Do you recycle?

Probably not if you are just phasing in. My neighbourhood was one of the pilot sites I think, we got it a few years ago.

It stinks, but i hate inefficiency and the thought of poorly sorted trash somewhere out in Ontario makes me upset. I might be slightly OCD. I am not a treehugger by any means, ineffiency is just a pet peeve of mine.

When I lived in Berkeley, not only was there mandatory composting (like there is in all(?) parts of California), but once a year, the town will process all the compost and dump it in a huge pile for people to use. So, all these gardener people will show up with trucks and bags and take the compost.

Only easy stuff like paper, cereal boxes, cans etc.

I imagine recycling is more common in Europe though.

I’d be interested in more information on this.


My understanding is that a lot of what we throw away is actually recycled offsite for us. If you’ve ever watch the discovery/science channel (at least when they didn’t have stupid reality shows and actually something informative), some waste management companies have these large machines that use a vareity of methods to sort trash; think magnets, shaking platforms, lasers, etc…

Not saying you should ditch recycling, but waste management companies know there is a lot of $$$ to be made from your trash. So you can rest a little easier that not all of your crap is just going to some landfill and making mother earth really pissed off.

Before the afternoon lull kicks in, I’ll share my tale with all of you.

Personally, I hate recycling.

I recall recycling came about in my hometown around 1992, around the time most of you were born. The airwaves (not internet) were flooded with the slogan, “Recycle, reduce, and reuse! And close the loop” which left the viewer with the triangle of arrows in a continuous process.

Anyways, schools demanded that we recycle and I was young and bought into it. I separated my moms garbage into aluminum, tin, and plastic so the recycling truck could take them.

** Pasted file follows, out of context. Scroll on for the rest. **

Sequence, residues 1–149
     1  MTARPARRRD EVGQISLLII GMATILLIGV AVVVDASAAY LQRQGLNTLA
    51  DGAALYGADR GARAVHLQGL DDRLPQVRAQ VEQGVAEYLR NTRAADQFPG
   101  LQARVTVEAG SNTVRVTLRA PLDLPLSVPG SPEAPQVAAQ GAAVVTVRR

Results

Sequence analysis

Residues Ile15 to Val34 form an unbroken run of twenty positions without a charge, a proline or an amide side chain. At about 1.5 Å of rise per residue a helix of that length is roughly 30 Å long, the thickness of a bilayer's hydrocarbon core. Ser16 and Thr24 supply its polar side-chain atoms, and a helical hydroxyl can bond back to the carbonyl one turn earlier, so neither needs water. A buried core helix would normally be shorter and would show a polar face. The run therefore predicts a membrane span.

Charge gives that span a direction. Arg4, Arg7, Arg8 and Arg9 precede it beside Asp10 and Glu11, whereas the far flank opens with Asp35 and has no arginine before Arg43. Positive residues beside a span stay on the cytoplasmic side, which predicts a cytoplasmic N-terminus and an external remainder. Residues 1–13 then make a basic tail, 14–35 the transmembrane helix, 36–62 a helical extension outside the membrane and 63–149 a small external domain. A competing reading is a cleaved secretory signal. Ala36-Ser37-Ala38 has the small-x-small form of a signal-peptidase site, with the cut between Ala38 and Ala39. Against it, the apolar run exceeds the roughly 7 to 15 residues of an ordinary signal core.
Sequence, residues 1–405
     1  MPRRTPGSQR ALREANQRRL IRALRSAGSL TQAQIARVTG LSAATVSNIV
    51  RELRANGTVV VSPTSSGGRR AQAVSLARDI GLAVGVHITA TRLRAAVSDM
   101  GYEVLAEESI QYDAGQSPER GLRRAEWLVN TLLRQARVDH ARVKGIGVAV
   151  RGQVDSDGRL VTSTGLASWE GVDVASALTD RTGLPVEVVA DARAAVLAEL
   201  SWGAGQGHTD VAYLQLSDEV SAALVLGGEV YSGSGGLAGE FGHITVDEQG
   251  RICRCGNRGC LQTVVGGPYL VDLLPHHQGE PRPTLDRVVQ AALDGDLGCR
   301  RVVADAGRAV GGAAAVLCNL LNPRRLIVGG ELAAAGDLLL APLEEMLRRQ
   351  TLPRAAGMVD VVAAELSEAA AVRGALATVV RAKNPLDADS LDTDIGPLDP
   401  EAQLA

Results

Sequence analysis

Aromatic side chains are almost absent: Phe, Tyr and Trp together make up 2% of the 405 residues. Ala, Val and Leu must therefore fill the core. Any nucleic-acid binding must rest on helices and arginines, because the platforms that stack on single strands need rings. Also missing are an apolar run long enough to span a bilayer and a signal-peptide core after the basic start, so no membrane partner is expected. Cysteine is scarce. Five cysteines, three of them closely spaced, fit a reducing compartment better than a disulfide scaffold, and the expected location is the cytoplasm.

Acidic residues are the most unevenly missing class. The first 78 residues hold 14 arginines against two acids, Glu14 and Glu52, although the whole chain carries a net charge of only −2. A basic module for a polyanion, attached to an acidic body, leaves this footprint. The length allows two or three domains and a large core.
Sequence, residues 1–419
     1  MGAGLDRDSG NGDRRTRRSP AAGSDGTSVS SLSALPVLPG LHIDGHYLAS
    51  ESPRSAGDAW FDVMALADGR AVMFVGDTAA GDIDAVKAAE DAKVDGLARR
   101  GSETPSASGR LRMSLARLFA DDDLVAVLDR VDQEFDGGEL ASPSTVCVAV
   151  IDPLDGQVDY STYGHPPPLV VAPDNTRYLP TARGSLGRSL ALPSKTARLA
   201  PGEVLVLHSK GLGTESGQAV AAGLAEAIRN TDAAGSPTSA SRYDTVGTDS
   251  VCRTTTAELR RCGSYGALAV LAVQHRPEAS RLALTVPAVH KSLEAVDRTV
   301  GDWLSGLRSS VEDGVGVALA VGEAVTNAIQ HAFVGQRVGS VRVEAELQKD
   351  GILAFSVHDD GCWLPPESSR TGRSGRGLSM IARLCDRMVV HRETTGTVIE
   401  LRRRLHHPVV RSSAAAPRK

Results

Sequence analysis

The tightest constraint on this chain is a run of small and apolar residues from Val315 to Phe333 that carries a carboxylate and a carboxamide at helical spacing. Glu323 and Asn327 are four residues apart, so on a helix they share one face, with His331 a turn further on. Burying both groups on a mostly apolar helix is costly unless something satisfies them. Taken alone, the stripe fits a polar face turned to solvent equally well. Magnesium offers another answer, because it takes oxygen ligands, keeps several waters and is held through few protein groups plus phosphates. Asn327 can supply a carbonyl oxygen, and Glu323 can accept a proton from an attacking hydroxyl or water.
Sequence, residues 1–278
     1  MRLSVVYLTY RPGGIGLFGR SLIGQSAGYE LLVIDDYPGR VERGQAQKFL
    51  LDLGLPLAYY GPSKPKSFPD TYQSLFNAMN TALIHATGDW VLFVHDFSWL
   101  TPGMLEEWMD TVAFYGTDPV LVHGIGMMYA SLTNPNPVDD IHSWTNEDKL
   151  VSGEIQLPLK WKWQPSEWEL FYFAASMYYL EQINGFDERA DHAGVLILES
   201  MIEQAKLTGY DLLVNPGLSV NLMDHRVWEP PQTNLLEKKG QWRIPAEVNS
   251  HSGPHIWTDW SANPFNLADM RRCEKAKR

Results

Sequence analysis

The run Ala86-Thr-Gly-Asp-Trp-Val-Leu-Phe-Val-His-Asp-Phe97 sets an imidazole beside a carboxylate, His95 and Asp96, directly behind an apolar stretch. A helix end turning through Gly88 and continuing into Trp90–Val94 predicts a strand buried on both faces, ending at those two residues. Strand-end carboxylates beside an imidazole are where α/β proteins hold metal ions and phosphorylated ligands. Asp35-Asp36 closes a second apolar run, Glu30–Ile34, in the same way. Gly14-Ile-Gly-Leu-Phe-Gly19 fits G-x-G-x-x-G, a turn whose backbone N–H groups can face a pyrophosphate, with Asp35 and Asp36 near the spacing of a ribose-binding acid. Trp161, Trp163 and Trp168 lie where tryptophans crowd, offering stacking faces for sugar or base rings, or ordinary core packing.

At this time, all of this made sense. A for profit company took waste and recycled selling the old raw materials to refiners whom could reuse it.

Sometime later, I was a young pup in the rustiest hacksaw college and our economics professor shared an article with us about recycling. Apparently, it became too successful that the refiners could not use all that was available. Think about it, there are only a select few things you put this secondary raw material into. This was around Y2K. At this time, recycling was booming with nearly a dozen bins for materials next to the trash. As one other poster mentioned, in some cases, people disposing trash would be penalized against and made to go to a siloed location.

I now live in NYC and pay for my own utilities, trash, water, and recycling!? I personally called the city personnel responsible for the recycling bill and was told it’s a mandatory fee so that items left for recycling can be picked up. The trucks use a lot of gas ya know.

Me - “Whoa whoa whoa, back the truck up, doesn’t recycling make money since the raw materials are sold to refiners?”

Them - “Yes, but that is not the point, you must pay the recycling fee.”

Me – “Cool story brah, guess what, I no longer wish to recycle, I’ll toss all my empty 40 bottles in the trash, please do not send another bill.”

Them – “It’s a mandated fee. If you do not pay it, it will be an assessment on your property tax statement.”

Me – “…(WTF)…”

There ya have it folks. This whole notion of ‘recycling’ is just another propaganda program by the government to keep people employed when it’s a dying overdone process. Certain raw materials (copper, gold, etc) can be recycled easily and still carry real value. Does anywhere accept a bag of cans anymore like the good ol days for money?

I’d be interested to learn more about recycling and what the outputs of those secondary resources are. I really doubt that it’s all that efficient where everything put in a recycling bin can be used. I’m thinking ~40% of it is usable with the rest going to the trash.

To top it off, I was hard at work yesterday and tossed my soda can in the trash by my desk. Some marketing bimbo walked by and was aghast, interrupted my modeling to Biggie, to tell me to take my can to the recycling bin in the break room. She got mean mugged and then walked away.